Water Leak? Fix It and Forget It

Water Leak? Fix It and Forget It

On average in the US, we waste 14 out of every 100 gallons of water from leaks. That’s a lot of treated, drinkable water going into the ground, or even worse, into your walls and floors!

Water leaks waste a lot of water. Once you fix them, you can forget them.

Did you know that 14 out of every 100 gallons of water we use never make it to our faucets, toilets or washing machines? In other words, 14 percent of indoor water use in US households is wasted through leaks. That’s a lot of treated, drinkable water going into the ground, or even worse, into your walls and floors!

Find tips for finding and fixing leaks on our Water Saving Tips page.

According to the EPA, household leaks can waste more than 1 trillion gallons of water annually nationwide, so each spring they ask everyone to take a week and hunt down the drips and streams of wasted water. Fix-a-Leak Week is the third week of March, and it’s a great time to find and fix your leaks so you can save valuable water and money all year long.

We waste a lot of water in this country. The facts on leaks are startling:

  • The average household leak can waste more than 10,000 gallons of water per year. That’s 270 loads of laundry!
  • Ten percent of homes have leaks that waste 90 gallons or more per day.
  • A leaky faucet that drips at the rate of one drip per second can waste more than 3,000 gallons per year. That’s the amount of water needed to take more than 180 showers!

Fixing easily corrected household water leaks can save homeowners about 10 percent on their water bills. Common household leaks include worn toilet flappers, dripping faucets and other leaking valves, which are all inexpensive and easily fixed. Leaky faucets can be fixed by checking faucet washers and gaskets for wear and replacing them if necessary. Most leaky showerheads can be fixed by ensuring a tight connection using pipe tape and a wrench. If your toilet is leaking, the cause is often the toilet flapper. Over time, this inexpensive rubber part decays, or minerals build up on it. It’s usually best to replace the whole rubber flapper.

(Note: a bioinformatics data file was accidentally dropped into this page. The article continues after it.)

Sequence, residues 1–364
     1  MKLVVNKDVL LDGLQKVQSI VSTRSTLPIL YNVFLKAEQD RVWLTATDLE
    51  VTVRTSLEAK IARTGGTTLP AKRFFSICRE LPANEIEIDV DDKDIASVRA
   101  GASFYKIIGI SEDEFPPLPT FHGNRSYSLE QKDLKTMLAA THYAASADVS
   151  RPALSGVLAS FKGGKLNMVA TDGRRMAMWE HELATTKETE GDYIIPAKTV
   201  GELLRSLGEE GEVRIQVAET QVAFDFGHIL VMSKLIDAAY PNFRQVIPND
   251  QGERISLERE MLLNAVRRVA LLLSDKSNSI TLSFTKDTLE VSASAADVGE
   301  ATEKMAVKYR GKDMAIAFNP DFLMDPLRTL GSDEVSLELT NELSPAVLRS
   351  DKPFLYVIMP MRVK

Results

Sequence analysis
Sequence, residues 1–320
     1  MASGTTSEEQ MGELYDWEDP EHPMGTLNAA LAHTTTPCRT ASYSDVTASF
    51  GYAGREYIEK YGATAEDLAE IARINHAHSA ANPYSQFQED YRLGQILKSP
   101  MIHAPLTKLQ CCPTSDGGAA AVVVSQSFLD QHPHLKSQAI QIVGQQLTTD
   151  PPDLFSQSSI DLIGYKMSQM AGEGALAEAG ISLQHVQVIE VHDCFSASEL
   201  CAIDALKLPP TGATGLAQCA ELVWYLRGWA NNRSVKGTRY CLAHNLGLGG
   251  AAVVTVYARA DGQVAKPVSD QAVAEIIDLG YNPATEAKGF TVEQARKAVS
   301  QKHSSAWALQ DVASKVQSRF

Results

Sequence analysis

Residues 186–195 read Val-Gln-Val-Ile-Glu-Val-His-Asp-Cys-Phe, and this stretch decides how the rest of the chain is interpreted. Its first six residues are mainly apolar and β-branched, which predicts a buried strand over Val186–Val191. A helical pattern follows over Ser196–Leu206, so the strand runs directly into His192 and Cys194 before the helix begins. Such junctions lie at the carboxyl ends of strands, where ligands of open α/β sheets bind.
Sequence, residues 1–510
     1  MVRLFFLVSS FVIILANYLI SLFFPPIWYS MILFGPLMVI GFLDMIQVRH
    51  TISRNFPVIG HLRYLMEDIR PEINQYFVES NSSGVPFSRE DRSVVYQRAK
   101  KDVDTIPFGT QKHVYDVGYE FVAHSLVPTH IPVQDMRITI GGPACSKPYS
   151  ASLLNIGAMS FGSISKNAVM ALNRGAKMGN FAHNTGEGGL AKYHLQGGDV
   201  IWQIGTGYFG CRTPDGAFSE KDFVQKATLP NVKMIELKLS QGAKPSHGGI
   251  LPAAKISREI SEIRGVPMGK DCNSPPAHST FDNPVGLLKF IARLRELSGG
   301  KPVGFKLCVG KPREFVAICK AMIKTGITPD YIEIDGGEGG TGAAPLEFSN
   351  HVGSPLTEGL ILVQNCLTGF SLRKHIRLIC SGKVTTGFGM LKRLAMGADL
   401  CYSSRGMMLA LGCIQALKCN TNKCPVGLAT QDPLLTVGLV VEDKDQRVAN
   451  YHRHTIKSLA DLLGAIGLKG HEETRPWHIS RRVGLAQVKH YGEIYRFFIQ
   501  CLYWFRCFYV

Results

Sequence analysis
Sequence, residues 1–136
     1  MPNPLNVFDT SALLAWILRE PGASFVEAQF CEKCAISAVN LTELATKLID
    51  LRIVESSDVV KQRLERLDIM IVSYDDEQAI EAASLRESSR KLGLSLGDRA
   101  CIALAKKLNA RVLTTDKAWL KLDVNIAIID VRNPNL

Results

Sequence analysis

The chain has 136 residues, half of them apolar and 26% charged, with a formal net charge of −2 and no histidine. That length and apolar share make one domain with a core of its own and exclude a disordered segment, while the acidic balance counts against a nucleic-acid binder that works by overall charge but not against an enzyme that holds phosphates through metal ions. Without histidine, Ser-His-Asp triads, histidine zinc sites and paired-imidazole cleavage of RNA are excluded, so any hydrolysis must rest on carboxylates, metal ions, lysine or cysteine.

Finding and fixing leaks is one of the best ways to reduce water waste. Fix-a-Leak Week events are happening from coast to coast, so check out the 2015 Event Map. Your water utility might even have classes that help you find and fix all your household leaks.

The week culminates in World Water Day on March 22nd, which is like Christmas for water lovers and water wonks everywhere. Water is the most essential substance on Earth and although it might seem like we have an unlimited supply, we don’t. Droughts can happen anywhere and water supplies can quickly become overdrawn. An abundance of clean, safe water is the right of everyone on Earth and it is imperative that we not waste it, especially by letting it leak away.

Now, grab your pipe wrench and your pipe tape and go fix those leaks!

Originally published at GRACE’s former blog Ecocentric by Robin Madel on 03.16.2015.
Image:Old leaking pipe Credit: @simonalvinge on adobe stock